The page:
Corson says it’s important for parents to explain to their kids that mom and dad are allowed to touch private areas for things like bathing them. He said kids have to know where their private spots are and who’s allowed to touch them and why. The first step in educating kids is in the home.

“Let them know they can tell you anytime someone touches them in their private areas,” Corson said. “The other thing parents can keep an eye out for is something we in the court system call the ‘grooming process.’ Social workers who look into potential child abuse cases will look carefully for signs of a ‘grooming process’ when they begin an investigation.

“The ‘grooming process’ typically involves someone else spending an unusual amount of time with a child. It can also involve taking the child somewhere to be alone with them, giving them unusual gifts, sitting on their lap, or having the child kiss them on the cheek to get them used to physical affection. Parents may not want to be paranoid, but they should keep an eye out for this kind of thing too.

“You don’t want to be ‘helicopter parents’ in most cases. If your kid walks over to the neighbors, you don’t always want to feel like you have to walk with them. Give your children the things they’ll need to know if these kinds of situations arise.”

Another important thing to teach children is to have them tell responsible adults if another child tells them something bad happened. Corson says it’s teaching your children to see something-say something.

“It’s important to teach your kids that if a friend says something bad happened to them, your child should let you know about it,” Corson said. “Children often find it easier to share with other children when something bad happens.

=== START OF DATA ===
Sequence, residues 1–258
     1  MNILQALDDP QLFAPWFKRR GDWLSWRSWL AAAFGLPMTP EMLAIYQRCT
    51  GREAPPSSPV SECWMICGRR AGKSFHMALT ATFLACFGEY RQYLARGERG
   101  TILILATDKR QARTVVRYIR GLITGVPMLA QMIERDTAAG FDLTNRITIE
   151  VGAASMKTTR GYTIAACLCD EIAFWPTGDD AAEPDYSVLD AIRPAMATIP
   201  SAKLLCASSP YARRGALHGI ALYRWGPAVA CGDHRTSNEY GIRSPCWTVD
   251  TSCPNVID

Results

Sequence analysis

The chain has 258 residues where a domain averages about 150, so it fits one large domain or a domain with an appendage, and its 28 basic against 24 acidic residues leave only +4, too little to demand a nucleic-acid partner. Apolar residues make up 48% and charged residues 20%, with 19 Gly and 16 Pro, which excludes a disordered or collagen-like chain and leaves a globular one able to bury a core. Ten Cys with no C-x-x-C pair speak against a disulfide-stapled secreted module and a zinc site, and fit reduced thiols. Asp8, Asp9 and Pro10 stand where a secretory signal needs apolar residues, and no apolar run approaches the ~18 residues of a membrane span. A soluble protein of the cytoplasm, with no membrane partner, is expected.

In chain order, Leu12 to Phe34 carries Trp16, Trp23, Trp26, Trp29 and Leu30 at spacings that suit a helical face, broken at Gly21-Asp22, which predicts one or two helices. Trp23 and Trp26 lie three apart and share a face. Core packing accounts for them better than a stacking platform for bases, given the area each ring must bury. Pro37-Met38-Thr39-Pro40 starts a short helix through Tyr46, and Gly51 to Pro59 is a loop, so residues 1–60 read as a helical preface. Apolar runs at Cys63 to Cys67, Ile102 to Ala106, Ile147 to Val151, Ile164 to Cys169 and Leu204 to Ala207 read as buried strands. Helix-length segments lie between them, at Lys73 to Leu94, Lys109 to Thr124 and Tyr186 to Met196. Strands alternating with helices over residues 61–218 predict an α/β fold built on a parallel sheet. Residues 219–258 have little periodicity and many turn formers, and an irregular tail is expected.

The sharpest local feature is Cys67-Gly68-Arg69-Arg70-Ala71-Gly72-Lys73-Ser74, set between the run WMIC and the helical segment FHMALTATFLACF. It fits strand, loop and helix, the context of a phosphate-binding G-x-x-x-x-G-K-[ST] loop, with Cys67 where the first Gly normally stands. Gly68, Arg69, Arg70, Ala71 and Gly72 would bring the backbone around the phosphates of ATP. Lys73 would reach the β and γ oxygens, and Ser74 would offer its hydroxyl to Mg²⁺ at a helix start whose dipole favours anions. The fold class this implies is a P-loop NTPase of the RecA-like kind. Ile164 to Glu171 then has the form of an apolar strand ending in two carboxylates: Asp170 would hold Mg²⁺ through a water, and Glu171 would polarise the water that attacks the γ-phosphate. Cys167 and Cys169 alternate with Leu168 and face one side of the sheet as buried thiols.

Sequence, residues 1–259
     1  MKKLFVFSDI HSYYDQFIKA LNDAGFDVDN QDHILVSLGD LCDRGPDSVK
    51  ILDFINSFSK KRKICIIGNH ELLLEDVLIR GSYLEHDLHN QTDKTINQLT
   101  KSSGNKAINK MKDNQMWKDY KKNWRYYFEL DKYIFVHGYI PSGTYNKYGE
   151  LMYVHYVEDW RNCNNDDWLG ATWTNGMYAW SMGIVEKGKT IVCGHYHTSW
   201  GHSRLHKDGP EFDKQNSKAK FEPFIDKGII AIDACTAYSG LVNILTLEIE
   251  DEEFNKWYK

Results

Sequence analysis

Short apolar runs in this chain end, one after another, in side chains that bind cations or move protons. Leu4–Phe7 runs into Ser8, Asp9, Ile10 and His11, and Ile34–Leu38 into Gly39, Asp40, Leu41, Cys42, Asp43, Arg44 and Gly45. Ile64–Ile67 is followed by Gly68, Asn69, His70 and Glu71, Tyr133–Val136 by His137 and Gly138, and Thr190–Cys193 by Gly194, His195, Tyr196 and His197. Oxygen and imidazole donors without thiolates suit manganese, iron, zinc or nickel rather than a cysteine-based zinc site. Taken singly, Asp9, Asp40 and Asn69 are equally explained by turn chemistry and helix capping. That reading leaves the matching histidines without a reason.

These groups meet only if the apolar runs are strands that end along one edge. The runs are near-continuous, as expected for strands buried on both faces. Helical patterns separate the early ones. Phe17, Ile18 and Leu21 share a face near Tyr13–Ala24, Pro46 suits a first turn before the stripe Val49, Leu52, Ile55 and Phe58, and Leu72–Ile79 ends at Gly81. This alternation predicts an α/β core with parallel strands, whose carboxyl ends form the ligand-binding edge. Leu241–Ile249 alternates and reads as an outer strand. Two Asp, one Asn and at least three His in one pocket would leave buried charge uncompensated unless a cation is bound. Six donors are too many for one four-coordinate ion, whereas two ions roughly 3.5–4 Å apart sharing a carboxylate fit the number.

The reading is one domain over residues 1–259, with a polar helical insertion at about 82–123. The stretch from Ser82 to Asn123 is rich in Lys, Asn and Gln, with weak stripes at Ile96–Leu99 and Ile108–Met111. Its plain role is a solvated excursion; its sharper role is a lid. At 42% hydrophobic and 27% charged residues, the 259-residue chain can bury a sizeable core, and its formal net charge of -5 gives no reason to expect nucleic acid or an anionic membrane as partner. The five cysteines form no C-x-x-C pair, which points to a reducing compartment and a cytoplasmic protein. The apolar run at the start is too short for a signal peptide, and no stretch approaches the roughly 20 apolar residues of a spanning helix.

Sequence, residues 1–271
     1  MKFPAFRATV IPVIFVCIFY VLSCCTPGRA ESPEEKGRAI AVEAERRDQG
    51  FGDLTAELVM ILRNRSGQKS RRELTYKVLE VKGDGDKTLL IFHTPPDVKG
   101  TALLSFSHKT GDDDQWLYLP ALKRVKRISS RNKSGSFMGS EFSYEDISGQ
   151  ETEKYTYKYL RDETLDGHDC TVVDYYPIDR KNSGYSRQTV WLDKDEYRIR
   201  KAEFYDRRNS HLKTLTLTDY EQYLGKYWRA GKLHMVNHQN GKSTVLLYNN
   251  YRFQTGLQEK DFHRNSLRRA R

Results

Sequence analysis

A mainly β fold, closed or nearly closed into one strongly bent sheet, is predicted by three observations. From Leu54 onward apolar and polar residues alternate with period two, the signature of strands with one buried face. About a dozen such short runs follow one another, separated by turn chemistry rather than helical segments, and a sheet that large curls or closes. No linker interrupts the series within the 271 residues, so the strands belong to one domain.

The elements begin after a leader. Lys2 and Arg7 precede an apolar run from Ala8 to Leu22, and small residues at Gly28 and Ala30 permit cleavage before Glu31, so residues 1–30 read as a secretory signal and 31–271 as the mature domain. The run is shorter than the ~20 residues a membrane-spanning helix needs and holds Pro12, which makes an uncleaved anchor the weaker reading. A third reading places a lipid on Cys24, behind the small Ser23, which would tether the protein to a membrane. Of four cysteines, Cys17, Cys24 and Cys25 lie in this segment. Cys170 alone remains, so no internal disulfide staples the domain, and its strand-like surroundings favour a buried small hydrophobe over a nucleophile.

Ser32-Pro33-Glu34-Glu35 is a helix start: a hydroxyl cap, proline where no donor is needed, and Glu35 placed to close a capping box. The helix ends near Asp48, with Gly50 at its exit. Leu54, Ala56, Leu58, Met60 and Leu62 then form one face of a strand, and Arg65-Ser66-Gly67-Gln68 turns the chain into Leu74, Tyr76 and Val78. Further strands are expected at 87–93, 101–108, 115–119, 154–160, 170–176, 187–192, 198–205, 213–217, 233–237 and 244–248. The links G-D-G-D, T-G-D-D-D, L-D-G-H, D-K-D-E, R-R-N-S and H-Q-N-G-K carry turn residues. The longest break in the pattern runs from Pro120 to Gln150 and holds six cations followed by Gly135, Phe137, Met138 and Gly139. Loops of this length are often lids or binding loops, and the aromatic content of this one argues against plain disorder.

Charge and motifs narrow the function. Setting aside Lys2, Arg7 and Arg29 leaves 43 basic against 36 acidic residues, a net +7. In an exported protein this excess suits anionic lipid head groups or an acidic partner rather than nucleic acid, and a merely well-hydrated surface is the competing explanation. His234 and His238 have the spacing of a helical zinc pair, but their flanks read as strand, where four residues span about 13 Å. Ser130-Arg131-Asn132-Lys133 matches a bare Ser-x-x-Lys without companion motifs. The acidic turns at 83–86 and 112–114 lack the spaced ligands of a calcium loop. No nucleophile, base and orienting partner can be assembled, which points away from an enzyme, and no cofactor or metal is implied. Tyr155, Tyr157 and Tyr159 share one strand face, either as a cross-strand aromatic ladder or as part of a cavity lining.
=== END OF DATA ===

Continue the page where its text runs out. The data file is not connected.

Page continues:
“That’s what happened in the case we’re talking about,” Corson added. “Children will often tell one of their friends that someone did something to them, with those friends going and telling their parents or another adult.”

Corson says if parents suspect anything unseemly is happening, it’s important to not be afraid to contact law enforcement. He says a process is already in place to make it less frightening for the child to come in and talk to officials about what may or may not have happened.

“If a parent calls law enforcement to report something may have happened,” Corson says, “we’ll ask them to bring the child in to talk to a social worker. We have a room set up that’s very child-friendly, unlike the old days when we interviewed kids at the jail. We didn’t want little kids to have to come into a frightening place like a jail to talk to officials.

 “The Social Services Building has that kid-friendly room ready to go. One person will interview them in the room and we’ll audio-and-videotape it because that’s now evidence. We’ll also have people observing the interview to make sure the social worker doesn’t miss any details. We try to make it as friendly as possible for the child.”

Once the interview and investigation are complete, that’s when law enforcement decides on charges.

The mother of the Spring Valley victim said protecting other kids was the reason they went to court, even though that can be difficult for the child.

“That was the main reason we wanted to go ahead and press charges,” she said. “We wanted to protect the other children. My daughter was very brave to speak up. She’s a hero.”